Now one officer being killed is unacceptable, but the perception is there is a war on cops. It is a media-driven brainwashing of America which compounds the problem. Are there people out there who hate cops? Of course. Given the chance, they may act on that, but to think things were better “back in the day” is naive.
We look to Europe and see their policies of open immigration as disasters, threatening the stability of those nations. What we forget, while countries like Germany and France well remember, is the irrational fear of a group because of cultural differences leads to a Holocaust.
We fought a long and difficult war to end such horrors, we shouldn’t let those lives go to waste because we’ve papered over the ugliness that still plagues the world.
America can never be defeated by an external enemy. We can only be defeated from within if we forget the principles upon which we are based. It will not be an infiltration of 14th-century flawed fundamentalist philosophies that destroys us. It will happen only if we abandon those principles that guide us.
If we have ignored our principles in the past, we must strive to make sure they guide our future decisions.
America’s greatness is in our future. We must admit to our mistakes, take pride in our accomplishments, and seek ways that preserve our security without sacrificing our freedom.
There is a slogan often used by those who wrap themselves in the flag, Freedom is not Free. There is a truth here, one I suspect they do not see. Freedom requires us to defend it at any cost to protect not just those with whom we agree, but more so with those with whom we differ.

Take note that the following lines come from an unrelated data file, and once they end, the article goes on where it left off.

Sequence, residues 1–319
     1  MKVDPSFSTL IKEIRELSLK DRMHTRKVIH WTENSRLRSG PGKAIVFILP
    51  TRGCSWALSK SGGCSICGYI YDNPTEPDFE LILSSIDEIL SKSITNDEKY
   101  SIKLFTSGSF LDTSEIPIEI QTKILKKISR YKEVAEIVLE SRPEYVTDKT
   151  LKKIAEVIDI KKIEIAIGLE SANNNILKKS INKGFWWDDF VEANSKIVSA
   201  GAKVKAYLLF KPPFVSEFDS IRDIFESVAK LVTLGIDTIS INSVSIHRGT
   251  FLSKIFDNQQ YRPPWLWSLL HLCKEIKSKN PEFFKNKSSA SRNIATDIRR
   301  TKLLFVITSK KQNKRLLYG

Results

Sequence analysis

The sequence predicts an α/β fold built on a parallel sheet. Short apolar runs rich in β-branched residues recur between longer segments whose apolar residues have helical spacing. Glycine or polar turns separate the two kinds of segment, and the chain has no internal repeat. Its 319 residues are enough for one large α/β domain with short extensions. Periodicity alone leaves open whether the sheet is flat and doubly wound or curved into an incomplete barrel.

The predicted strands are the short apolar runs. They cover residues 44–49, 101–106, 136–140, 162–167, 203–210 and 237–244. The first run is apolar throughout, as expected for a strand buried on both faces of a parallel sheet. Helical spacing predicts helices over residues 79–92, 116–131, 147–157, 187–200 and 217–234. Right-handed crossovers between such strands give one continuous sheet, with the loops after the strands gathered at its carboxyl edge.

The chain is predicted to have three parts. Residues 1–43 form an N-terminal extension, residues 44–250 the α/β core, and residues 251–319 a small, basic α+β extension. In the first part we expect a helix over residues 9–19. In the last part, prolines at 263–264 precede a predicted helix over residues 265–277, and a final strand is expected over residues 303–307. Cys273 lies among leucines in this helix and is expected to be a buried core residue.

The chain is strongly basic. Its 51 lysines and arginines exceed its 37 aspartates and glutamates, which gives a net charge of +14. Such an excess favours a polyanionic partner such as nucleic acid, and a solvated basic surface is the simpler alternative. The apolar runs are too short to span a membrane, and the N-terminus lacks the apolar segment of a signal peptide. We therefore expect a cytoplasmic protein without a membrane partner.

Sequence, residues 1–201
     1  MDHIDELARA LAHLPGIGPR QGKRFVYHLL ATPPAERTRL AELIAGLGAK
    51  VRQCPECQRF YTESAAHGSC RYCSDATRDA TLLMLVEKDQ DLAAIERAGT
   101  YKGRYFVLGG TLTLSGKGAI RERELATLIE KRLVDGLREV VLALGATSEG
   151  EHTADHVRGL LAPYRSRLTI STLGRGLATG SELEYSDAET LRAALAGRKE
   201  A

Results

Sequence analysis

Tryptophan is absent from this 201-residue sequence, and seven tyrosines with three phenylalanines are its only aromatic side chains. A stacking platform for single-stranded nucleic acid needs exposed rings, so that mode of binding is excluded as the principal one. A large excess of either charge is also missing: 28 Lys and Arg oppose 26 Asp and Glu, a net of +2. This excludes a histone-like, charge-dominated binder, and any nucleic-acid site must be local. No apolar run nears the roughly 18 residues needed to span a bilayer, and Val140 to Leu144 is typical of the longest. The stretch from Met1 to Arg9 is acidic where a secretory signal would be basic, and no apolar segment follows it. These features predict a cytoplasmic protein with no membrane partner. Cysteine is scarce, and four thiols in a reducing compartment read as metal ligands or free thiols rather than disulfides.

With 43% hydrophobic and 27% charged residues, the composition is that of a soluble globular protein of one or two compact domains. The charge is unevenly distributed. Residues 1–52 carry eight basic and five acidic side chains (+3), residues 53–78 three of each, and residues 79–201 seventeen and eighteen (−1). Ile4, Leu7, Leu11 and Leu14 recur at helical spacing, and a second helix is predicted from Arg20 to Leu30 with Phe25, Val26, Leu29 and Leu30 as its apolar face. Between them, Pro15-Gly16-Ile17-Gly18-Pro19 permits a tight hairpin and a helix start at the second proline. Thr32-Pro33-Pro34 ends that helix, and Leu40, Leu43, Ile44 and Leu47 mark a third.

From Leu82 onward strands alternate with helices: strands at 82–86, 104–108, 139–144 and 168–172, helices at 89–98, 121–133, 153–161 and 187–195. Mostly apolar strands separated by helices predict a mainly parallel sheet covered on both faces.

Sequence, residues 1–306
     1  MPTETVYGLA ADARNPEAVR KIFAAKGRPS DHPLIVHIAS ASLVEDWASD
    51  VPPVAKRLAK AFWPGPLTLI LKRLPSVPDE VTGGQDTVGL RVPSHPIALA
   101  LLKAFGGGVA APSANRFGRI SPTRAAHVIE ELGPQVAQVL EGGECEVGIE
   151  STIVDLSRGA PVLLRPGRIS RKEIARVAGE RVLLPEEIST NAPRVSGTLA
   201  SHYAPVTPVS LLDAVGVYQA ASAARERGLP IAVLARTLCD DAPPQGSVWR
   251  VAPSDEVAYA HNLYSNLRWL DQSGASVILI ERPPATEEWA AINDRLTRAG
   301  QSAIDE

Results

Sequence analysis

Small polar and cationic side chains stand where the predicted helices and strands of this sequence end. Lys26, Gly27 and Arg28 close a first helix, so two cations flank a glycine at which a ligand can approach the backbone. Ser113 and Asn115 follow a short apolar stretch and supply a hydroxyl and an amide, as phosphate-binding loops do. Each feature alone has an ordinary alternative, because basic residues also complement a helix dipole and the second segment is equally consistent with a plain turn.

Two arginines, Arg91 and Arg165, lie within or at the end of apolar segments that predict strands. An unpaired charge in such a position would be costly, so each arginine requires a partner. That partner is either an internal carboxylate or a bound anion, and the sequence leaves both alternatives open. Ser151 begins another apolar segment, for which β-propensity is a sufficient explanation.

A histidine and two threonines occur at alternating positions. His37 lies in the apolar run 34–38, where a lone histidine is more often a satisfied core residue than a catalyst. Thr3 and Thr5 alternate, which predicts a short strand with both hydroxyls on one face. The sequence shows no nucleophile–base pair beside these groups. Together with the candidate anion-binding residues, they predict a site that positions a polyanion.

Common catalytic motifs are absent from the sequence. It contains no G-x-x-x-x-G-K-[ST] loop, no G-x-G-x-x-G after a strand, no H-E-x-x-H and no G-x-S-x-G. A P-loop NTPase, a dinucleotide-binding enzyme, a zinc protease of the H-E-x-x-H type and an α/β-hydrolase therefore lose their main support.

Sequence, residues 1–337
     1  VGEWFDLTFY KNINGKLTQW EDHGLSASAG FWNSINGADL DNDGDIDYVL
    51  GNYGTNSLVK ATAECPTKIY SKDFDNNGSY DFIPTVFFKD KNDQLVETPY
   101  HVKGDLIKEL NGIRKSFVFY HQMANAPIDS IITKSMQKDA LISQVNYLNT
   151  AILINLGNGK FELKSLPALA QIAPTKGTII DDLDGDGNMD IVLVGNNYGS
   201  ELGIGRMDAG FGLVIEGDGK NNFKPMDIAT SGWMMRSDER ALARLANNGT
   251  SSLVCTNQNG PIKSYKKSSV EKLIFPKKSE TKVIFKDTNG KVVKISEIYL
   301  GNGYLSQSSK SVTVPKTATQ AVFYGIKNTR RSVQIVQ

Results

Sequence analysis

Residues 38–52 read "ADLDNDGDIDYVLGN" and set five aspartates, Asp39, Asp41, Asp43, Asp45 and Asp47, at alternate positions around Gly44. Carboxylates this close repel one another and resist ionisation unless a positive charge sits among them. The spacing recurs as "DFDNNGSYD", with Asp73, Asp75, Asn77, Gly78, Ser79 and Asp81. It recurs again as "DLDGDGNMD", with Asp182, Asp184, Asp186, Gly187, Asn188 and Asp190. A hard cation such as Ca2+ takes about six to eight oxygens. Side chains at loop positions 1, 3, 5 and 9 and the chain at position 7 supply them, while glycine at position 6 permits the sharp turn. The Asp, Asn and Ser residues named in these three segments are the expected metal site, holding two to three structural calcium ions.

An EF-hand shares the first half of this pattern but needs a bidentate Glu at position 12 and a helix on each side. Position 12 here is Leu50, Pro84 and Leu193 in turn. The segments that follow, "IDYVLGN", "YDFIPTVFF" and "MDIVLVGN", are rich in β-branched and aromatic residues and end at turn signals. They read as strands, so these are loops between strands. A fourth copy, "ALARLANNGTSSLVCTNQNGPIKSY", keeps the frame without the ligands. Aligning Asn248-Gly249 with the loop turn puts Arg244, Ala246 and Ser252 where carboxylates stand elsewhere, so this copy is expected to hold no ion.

It is by embracing differences America shows true greatness.
2 thoughts on “A Rumor of Greatness: Lessons in America’s Past”
Thank you for a great perspective. It’s easy for me to idealized my childhood in the sixties when there was no 24/7 news cycles. Wednesdays at my lunch hour I March in front of my Rep’s office for affordable healthcare. Last week a gentleman challenged me, using every stereotype from Reagan through today. I listened. He was not a wingnut, was my age and clearly had a good job. I said I didn’t have the answers, but I did expect a greater degree of intelligence, thoughtfulness and consideration for something that affected 1/6 of our economy. No, I didn’t convince him foster care kids or seniors should be allowed medicaid, he had answers for everything. “The other” was wrecking the economy. I hope I make a difference, but in the end, there is a big divide in my community on values.
Never doubt that a small group of thoughtful, committed citizens can change the world; indeed, it’s the only thing that ever has. Margaret Mead